For the crypto industry, supporting sanctions is an opportunity to rebrand

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  • In response to Russia’s military invasion of Ukraine, economic sanctions were implemented which cut Russian banks off from the international payments and messaging network SWIFT, and private sector payment companies, such as Visa, PayPal and Mastercard.
  • Concerns quickly mounted that the Russian state, as well as companies and oligarchs associated with it, could turn to digital currency exchanges as a backdoor to side-step sanctions.
  • In the United Kingdom, the Bank of England and Financial Conduct Authority asked crypto firms to enforce sanctions across their platforms, and central banks and regulators around the world have since joined this chorus of concern.
  • Most recently, Japan announced it would be revising its Foreign Exchange and Foreign Trade Act, which aims to widen its breadth to apply to crypto assets, meaning exchanges will be required to assess whether their clients are Russian sanction targets.
  • Binance, the worlds biggest exchange, as well as Coinbase and Kraken, have all shown empathy for the plight of Ukrainians, and some have frozen accounts linked to sanctioned individuals, but they have all stopped short of stepping back out of Russia or blocking all money flows into and out of the country.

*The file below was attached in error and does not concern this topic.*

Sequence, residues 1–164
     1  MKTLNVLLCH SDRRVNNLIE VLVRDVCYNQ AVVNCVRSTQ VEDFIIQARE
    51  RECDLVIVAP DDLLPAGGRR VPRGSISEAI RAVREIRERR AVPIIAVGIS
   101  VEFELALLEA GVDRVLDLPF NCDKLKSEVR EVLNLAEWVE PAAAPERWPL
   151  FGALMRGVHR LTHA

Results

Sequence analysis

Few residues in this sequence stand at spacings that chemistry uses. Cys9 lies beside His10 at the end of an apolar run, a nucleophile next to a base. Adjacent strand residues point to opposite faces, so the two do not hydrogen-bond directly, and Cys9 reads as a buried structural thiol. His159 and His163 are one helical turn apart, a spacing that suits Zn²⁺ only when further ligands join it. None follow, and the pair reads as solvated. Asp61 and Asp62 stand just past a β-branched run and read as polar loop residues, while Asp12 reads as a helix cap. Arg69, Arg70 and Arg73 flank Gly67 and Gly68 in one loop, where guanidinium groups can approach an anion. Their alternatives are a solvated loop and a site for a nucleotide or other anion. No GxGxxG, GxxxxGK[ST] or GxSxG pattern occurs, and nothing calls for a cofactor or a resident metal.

• The Ukraine conflict has unearthed a tension at the ideological heart of cryptocurrency. Digital currencies were first imagined with a vision of creating a decentralized global financial system, free from financial tinkering by governments, central banks and large financial services firms.
  • Ideological support for decentralization can never justify the conscious facilitation of criminal activity.
  • The current crisis calls for a united collaborative response from every corner of every industry and provides a rare window for the global crypto sector to stand together and take unified action.
  • Failing to read the room on this crisis risks jeopardizing the trust the crypto industry has built in recent years with regulators, policymakers and consumers.
  • The Financial Stability Board announced in February it would be developing a global regulatory framework for crypto assets, the first significant step in international homogenous guidelines.
  • As it stands, there is no sign that these regulations will mandate action on economic sanctions, but they will introduce further checks and balances that will lend greater transparency to the money flowing through digital asset exchanges and further dissuade illicit activity.
For the crypto industry, supporting sanctions is an opportunity to rebrand
For the crypto industry, supporting sanctions is an opportunity to rebrand 2

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